Robert Cook, FRCVS., PhD., Professor of Surgery Emeritus of Tufts University, Massachusetts, is a veterinarian who, for most of his career since graduating from the Royal Veterinary College, London, in 1952, has been a faculty member of clinical departments at schools of veterinary medicine in the UK and USA. He is the author of two books for horsemen, Specifications for Speed in the Racehorse: The Airflow Factors, and Metal in the Mouth: The Abusive Effects of Bitted Bridles. He has also produced a videotape Selecting Racehorses Using the Airflow Factors. His research has been focused on diseases of the horse's mouth, ear, nose and throat, with a special interest in unsoundness of wind, the cause of bleeding in racehorses, and the harmful effects of the bit method of communication.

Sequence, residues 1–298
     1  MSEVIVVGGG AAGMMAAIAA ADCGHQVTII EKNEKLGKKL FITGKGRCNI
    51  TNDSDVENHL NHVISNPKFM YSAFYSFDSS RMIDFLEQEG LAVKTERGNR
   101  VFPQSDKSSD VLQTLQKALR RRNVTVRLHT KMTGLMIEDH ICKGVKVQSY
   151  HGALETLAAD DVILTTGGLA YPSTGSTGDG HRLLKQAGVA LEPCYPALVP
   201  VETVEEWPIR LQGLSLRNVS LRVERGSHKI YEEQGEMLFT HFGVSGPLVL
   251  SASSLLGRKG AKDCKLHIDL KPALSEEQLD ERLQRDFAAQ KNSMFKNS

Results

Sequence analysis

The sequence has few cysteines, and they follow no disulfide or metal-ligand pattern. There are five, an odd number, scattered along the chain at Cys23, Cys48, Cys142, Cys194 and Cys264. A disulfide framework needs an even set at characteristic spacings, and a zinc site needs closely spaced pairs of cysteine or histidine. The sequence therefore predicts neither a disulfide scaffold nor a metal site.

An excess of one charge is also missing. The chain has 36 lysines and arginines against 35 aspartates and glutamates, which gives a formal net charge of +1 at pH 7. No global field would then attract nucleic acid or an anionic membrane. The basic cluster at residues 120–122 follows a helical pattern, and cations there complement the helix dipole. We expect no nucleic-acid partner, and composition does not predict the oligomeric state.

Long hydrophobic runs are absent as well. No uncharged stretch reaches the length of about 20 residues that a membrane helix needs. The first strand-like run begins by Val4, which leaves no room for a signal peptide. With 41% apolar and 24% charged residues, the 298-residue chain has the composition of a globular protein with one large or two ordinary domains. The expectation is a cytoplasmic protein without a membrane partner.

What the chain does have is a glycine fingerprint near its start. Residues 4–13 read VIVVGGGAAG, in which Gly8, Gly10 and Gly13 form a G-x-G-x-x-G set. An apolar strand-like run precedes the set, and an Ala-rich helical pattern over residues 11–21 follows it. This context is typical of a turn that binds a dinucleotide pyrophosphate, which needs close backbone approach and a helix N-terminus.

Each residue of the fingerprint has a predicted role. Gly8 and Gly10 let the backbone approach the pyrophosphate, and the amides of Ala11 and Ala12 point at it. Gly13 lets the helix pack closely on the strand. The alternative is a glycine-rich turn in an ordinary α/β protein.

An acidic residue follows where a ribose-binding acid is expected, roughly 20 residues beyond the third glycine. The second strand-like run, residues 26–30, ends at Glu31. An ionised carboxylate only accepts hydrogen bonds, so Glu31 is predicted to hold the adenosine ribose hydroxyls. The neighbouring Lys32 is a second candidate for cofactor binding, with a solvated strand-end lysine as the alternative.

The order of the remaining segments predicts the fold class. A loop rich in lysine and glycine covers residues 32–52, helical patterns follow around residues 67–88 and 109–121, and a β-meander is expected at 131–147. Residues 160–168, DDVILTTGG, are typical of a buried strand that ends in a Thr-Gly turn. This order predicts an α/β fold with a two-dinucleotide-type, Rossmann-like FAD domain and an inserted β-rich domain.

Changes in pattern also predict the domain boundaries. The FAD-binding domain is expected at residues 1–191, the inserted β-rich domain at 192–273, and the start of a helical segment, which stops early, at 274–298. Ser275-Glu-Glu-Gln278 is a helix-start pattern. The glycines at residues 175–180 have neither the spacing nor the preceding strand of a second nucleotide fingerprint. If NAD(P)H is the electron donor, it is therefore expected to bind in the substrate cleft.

Cook has published nearly a hundred articles in scientific journals and many articles too in horsemen's journals. These articles incorporate contributions to knowledge which have benefited the horse and been of practical value to horsemen and equine practitioners. But he believes that the work he has done since 1997 to investigate the bit method of communication in the horse and to validate the Bitless Bridle is now doing more for the welfare of both horse and rider than anything he has done previously. It is helping horsemen in all disciplines of equitation to achieve improved performance. The horse's mouth is one of the most sensitive parts of its anatomy. The application of pressure to a steel rod inserted in this cavity inflicts unnecessary pain and frightens a horse. Fear initiates a flight or fight response (bolting or countless forms of resistance). In addition, putting a bit in the mouth of a horse that is about to run, is akin to putting a muzzle on a horse that is about to eat. A bit is contraindicated, counterproductive and, in the wrong hands, potentially cruel. His research has shown that the bit is responsible for over a hundred behavioral problems. Cook is happy to endorse the Bitless Bridle as a preferable alternative to the Bronze Age technology of the bit.